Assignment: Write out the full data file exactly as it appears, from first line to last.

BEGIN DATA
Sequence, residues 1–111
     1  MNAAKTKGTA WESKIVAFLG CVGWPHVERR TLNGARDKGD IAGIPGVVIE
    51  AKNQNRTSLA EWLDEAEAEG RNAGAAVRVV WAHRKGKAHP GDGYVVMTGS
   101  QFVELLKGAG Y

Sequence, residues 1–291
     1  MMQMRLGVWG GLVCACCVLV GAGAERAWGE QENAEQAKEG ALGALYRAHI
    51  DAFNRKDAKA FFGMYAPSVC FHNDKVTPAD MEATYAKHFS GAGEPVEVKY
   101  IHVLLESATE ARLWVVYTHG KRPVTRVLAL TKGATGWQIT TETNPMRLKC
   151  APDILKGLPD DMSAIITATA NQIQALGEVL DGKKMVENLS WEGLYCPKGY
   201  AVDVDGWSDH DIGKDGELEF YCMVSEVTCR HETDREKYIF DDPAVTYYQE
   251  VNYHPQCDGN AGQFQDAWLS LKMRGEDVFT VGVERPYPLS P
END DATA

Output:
Sequence, residues 1–111
     1  MNAAKTKGTA WESKIVAFLG CVGWPHVERR TLNGARDKGD IAGIPGVVIE
    51  AKNQNRTSLA EWLDEAEAEG RNAGAAVRVV WAHRKGKAHP GDGYVVMTGS
   101  QFVELLKGAG Y

Sequence, residues 1–291
     1  MMQMRLGVWG GLVCACCVLV GAGAERAWGE QENAEQAKEG ALGALYRAHI
    51  DAFNRKDAKA FFGMYAPSVC FHNDKVTPAD MEATYAKHFS GAGEPVEVKY
   101  IHVLLESATE ARLWVVYTHG KRPVTRVLAL TKGATGWQIT TETNPMRLKC
   151  APDILKGLPD DMSAIITATA NQIQALGEVL DGKKMVENLS WEGLYCPKGY
   201  AVDVDGWSDH DIGKDGELEF YCMVSEVTCR HETDREKYIF DDPAVTYYQE
   251  VNYHPQCDGN AGQFQDAWLS LKMRGEDVFT VGVERPYPLS P